Most likely, you'll root your way, I'll root mine.

Posted by: Highway295Revisited | June 9, 2009 9:46 PM | Report abuse


But there in lies the rub. Green plays a premium position but not one scout thinks he'll stick there. Now does he have the pop to stick at 2b? 3b?

Funnily I was hoping we'd sign Mier who is a real SS, but so it goes.

Posted by: soundbloke | June 9, 2009 9:55 PM | Report abuse

Soundbloke - I don't think that's true - some scouts seem to think he'll move, but I've heard others say he'll be comfortably average defensively at SS. With a bat like that, moving him to 2b would also have been a fit - if you're not drafting on signability, you take him at 10 and get your closer at 50.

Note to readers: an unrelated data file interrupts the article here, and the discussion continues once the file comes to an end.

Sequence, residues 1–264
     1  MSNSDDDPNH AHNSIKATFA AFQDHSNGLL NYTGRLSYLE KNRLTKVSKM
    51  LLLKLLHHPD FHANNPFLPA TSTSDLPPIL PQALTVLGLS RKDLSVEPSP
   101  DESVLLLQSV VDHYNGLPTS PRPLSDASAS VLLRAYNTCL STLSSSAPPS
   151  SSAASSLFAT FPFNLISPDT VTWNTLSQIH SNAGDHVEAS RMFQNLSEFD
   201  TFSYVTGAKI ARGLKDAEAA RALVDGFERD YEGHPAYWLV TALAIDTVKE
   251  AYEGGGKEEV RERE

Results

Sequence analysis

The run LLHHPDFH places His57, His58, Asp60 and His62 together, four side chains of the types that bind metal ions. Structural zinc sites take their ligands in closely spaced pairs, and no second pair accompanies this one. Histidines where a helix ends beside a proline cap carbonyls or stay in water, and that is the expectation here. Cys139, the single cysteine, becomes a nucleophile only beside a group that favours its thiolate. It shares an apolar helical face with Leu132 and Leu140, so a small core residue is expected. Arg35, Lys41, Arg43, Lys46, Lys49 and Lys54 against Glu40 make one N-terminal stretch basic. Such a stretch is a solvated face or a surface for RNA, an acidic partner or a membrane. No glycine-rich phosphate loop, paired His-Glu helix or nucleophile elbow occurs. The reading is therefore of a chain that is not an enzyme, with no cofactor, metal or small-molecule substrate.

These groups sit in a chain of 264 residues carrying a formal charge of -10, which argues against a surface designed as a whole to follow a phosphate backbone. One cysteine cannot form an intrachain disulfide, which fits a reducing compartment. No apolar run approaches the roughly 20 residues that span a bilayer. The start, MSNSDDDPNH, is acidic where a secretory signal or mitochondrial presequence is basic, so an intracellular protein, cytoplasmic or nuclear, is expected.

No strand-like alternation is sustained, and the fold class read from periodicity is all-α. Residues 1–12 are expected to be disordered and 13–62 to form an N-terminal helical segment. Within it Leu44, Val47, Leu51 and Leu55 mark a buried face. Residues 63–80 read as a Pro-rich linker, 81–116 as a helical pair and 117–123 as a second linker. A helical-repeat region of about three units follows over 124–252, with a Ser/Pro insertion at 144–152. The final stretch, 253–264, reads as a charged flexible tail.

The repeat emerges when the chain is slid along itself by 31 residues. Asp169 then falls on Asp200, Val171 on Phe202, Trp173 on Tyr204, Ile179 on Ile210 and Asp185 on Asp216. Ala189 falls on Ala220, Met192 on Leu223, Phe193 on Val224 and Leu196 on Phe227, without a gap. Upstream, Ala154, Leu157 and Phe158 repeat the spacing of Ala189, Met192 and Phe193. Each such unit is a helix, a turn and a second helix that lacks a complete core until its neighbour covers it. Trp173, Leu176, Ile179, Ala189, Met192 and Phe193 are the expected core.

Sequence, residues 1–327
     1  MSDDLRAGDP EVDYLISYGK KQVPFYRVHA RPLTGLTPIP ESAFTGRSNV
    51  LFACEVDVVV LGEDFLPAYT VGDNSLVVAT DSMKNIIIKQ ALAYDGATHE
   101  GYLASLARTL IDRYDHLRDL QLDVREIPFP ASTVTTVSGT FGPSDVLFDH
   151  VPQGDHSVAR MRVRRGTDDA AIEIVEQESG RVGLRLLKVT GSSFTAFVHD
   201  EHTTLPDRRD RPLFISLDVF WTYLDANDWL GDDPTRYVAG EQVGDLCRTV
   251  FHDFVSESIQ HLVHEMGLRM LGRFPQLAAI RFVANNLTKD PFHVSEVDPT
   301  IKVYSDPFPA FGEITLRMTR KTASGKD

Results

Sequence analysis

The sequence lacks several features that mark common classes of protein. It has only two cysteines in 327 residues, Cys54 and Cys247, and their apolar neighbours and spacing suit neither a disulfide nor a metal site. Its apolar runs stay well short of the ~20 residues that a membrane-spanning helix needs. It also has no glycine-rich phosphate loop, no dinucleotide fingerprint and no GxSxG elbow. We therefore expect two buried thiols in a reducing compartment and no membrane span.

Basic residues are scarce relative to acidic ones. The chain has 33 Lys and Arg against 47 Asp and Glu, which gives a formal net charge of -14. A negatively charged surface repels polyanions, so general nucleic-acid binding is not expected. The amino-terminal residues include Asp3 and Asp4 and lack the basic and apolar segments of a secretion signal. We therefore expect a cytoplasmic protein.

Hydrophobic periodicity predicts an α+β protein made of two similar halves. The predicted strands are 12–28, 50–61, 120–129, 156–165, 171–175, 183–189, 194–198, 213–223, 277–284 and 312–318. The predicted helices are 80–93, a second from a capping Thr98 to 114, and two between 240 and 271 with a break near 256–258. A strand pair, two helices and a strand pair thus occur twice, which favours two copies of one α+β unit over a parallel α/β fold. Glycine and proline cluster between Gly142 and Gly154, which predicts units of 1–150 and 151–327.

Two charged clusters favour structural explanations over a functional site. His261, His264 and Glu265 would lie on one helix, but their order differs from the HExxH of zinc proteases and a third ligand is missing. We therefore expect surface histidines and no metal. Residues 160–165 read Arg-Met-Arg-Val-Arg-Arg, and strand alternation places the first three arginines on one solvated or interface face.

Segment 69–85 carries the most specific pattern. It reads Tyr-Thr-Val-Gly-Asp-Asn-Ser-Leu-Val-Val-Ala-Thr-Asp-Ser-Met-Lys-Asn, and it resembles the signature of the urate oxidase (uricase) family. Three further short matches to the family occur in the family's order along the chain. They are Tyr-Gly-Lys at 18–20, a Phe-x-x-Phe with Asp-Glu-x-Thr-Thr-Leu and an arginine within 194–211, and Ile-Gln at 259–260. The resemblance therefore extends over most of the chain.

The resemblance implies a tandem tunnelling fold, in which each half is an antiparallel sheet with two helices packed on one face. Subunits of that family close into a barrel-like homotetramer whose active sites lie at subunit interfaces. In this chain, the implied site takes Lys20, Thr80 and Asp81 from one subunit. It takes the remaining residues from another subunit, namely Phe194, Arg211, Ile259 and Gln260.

But really, my gripe isn't that they didn't take Green (ok, it is a little, much like it was last year about not taking Smoak), but it's really about talking "BPA" when they mean "best player who will sign for slot."

Silver lining: This means they're taking a Strasburg-or-bust approach to the signing strategy - they're saving money in the high rounds to dedicate to the SS war chest.

Posted by: Highway295Revisited | June 9, 2009 9:59 PM | Report abuse